July 20, 2005: Headlines: COS - Lesotho: Older Volunteers: Chicago Tribune: Hazel Domangue, 65, is serving as an HIV/AIDS adviser in Lesotho in southern Africa, where she has been for nearly two years

Peace Corps Online: Directory: Lesotho: Peace Corps Lesotho : The Peace Corps in Lesotho: July 20, 2005: Headlines: COS - Lesotho: Older Volunteers: Chicago Tribune: Hazel Domangue, 65, is serving as an HIV/AIDS adviser in Lesotho in southern Africa, where she has been for nearly two years

By Admin1 (admin) (pool-141-157-23-45.balt.east.verizon.net - 141.157.23.45) on Saturday, July 30, 2005 - 9:39 pm: Edit Post

Hazel Domangue, 65, is serving as an HIV/AIDS adviser in Lesotho in southern Africa, where she has been for nearly two years

Hazel Domangue, 65, is serving as an HIV/AIDS adviser in Lesotho in southern Africa, where she has been for nearly two years

Domangue coordinates workshops on HIV/AIDS for students, faculty and staff at the National University of Lesotho. She initiated bimonthly workshops, which showcased local experts on topics such as nutrition, voluntary testing for HIV and community home-based care for AIDS patients.

Hazel Domangue, 65, is serving as an HIV/AIDS adviser in Lesotho in southern Africa, where she has been for nearly two years

Peace Corps tour is all about heart, not age

By Claire Landes Altschuler
Chicago Tribune
July 20, 2005

Life in the Peace Corps is not for the faint of heart. It's hard work under challenging conditions--anything from digging ditches to planting crops to teaching in primitive facilities. Volunteers must live the way the locals do, which often means in a one-room hut or concrete building, sometimes without electricity or indoor plumbing.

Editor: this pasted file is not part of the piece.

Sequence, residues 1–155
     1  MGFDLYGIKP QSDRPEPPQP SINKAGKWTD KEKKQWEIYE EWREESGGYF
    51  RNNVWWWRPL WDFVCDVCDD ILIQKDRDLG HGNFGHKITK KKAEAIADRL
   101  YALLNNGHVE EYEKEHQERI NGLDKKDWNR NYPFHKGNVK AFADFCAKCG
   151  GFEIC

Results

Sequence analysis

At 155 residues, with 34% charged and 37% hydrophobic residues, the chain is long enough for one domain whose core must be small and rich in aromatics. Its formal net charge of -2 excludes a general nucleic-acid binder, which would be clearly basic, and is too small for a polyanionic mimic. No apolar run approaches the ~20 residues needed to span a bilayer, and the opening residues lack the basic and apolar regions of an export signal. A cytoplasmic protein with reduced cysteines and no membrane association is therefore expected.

Such demands have long meant that the Corps was a young person's pursuit. But increasingly, people 55 and older, who are generally healthier and better educated than previous generations, are signing up.


[Excerpt]

Hazel Domangue, 65, is serving as an HIV/AIDS adviser in Lesotho in southern Africa, where she has been for nearly two years. Before joining the Peace Corps, Domangue was intergovernmental relations director for Chicago's health department. After her children grew up and her marriage dissolved, she began considering how she wanted to live the rest of her life. Domangue made a list of things she wanted to accomplish, "and [joining] the Peace Corps was No. 2." Getting a master's degree, which she received in 2002, was No. 1.

Before joining the Peace Corps, Domangue had a comfortable home in Hyde Park with "huge rooms, high ceilings and hardwood floors." She now lives in a one-room brick house with an indoor toilet and shower. Despite the change in living conditions, Domangue said she's enjoying herself and will be sad to leave. She is scheduled to come home in August.

Domangue coordinates workshops on HIV/AIDS for students, faculty and staff at the National University of Lesotho. She initiated bimonthly workshops, which showcased local experts on topics such as nutrition, voluntary testing for HIV and community home-based care for AIDS patients. She also introduced the university community to people living with HIV/AIDS. (According to UNICEF, one in four southern Africans aged 15-49 has been infected with the virus.)

Domangue said she thinks the workshops have made a difference. In previous years, the number of people who volunteered to be tested for the disease was in the single digits. "This year," she wrote in a recent e-mail, "there were so many students and staff who [volunteered] we had to bring back the [testing] organization the following week."





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Story Source: Chicago Tribune

This story has been posted in the following forums: : Headlines; COS - Lesotho; Older Volunteers

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